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One Year Later
Author: Randall D. Larson
Copyright: 9-1-1 Magazine, Feature Content
Originally Published in our Sept/Oct 2002 issue.
The world changed in a profound way on September 11th. We were victimized, in a terrible, unimaginable and, for those of us in public safety, in a very personal way. Even a year later, each of us can certainly remember in vivid detail our activities, our thoughts, our feelings on that terrible Tuesday morning.
In San Jose, my shift was 15 minutes shy of our last hour before we would be relieved by dayshift, when a police dispatcher poked his head in the door and said we’d better turn on CNN – a plane had crashed into the World Trade Center. And we began to watch in awe-struck silence the thick, black smoke gushing from Tower 1, a sick feeling gnawing in our stomachs even as the newscasters postulated about pilot error and airplane malfunction and what a clear day it was… and then we watched as another airplane crept into the television frame, a small speck inching its way across the screen behind the billowing smoke… and we watched it as it happened… a tremendous yellowish-scarlet explosion, silent on the TV screen, and that sick feeling raged with confirmation that this was no accident, no happenstance of malfunctioning guidance systems or inattentive piloting. And we continued to watch in muted horror as a second plume of black, belching smoke erupted out of Tower 2. Then came a report of a huge fire at the Pentagon…. then of hijacked airliners… then of a crash in Pennsylvania… then of a complete and all-encompassing grounding of all air traffic throughout the United States… and readiness from coast to coast for continued attacks...
That last hour of my midnight shift turned into an additional six spent in the city’s Emergency Operations Center as we accounted for each airliner still due into the city’s international airport, bolstered our ability to be ready should an attack come upon our city or that of our neighbors – as did nearly every county, city, township, 9-1-1 center, and emergency dispatch facility across the nation.
And there were continued alerts, and continued activations of our EOC in the coming weeks. We monitored potential targets in our jurisdiction, and we also made sure we would be prepared to render assistance to our neighboring communities in case they came under attack. New security precautions in our government buildings and the military jets patroling the air space over cities like mine were a continued reminder that the events of September 11th would not likely be over for a long time.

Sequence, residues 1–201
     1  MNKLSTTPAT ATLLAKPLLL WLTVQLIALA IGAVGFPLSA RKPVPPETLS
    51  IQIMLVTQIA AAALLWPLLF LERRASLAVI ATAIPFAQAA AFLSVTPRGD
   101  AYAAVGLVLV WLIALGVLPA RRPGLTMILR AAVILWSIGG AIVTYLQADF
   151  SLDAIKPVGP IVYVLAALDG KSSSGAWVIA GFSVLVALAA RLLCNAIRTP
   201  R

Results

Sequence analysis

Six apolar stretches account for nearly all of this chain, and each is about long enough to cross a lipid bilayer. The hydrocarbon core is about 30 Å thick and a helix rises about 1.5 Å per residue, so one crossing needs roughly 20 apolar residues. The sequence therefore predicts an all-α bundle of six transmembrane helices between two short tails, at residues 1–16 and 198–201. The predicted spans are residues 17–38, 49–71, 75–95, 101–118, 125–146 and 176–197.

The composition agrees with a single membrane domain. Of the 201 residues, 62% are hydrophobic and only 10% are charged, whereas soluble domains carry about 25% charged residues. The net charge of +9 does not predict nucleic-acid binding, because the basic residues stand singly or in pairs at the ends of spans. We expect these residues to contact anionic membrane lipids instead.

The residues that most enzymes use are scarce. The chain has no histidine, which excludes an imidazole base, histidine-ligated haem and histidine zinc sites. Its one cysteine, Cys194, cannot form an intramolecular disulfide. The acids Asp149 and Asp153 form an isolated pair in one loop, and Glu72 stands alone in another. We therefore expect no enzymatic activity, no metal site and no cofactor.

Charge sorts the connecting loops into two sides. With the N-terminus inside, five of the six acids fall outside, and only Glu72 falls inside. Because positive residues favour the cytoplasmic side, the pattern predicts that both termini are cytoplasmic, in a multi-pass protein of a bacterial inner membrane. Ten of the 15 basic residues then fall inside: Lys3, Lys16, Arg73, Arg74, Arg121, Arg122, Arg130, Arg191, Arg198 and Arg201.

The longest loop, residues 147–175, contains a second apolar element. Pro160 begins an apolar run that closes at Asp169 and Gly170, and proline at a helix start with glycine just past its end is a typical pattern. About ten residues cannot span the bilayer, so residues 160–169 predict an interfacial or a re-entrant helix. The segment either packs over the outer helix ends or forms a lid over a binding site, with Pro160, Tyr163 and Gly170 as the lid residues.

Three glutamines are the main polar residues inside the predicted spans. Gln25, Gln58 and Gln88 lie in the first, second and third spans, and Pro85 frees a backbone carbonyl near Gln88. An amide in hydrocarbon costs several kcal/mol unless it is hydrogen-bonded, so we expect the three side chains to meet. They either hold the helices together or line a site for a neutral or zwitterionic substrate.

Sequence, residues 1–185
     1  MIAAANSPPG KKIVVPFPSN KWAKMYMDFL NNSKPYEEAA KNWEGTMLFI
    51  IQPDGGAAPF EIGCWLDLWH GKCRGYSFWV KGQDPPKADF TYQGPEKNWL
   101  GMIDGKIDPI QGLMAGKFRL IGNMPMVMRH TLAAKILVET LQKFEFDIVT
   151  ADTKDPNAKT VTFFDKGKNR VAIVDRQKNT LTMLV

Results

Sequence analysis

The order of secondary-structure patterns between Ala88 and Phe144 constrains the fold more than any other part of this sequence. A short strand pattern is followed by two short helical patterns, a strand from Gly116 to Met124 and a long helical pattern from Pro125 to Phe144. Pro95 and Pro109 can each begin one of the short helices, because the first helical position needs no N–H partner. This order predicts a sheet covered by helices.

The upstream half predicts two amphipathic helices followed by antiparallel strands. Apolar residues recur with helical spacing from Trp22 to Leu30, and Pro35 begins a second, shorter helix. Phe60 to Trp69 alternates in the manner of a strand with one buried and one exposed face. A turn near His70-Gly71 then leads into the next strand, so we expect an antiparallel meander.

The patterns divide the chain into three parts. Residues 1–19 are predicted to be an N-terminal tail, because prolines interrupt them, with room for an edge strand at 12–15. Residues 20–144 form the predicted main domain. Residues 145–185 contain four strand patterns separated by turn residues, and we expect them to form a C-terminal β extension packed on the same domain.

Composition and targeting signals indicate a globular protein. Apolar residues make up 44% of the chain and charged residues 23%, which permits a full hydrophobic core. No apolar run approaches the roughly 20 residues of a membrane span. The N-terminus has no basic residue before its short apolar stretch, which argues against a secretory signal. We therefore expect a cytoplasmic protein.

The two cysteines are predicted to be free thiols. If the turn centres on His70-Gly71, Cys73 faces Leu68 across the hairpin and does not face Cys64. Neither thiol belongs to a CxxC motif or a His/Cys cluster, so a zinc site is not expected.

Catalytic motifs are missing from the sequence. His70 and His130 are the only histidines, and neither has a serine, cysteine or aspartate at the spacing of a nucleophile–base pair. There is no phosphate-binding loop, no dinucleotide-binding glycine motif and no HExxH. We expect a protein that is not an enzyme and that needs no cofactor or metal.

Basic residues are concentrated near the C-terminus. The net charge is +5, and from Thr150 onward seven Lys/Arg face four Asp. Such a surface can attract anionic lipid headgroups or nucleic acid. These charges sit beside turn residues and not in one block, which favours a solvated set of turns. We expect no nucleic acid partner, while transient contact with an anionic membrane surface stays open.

Gradually we managed to achieve a sense of normalcy. We shrugged off delays encountered at airports and learned to live under the new paradigm that we, too, are vulnerable. And we mourned our lost in a profoundly personal way.
And now it’s been a year. It is time to remember, to pay respects, and to evaluate what we have done over the last twelve months to become better prepared. While some have chosen to criticize the actions of others, most of us have taken the more positive steps of strengthening our readiness, updating our emergency plans, and increasing our communications interoperability with our allied agencies. Constructive criticism can be a good thing if it leads to positive change instead of rallying blame-mongering, and it’s been with this attitude that we have examined lessons learned by those impacted by September 11th during several of our last six issues. With this anniversary reflection, we take a look at those dispatchers in the midst of 9/11 and how the last six months have fared for them.
Every one of us involved in public safety – response, management, or communications – is in a different place today because of what happened a year ago. Our resolve to stand united and stand strong remains firm, as does our commitment to keeping our communities safe and our response to all emergencies an informed and proactive one.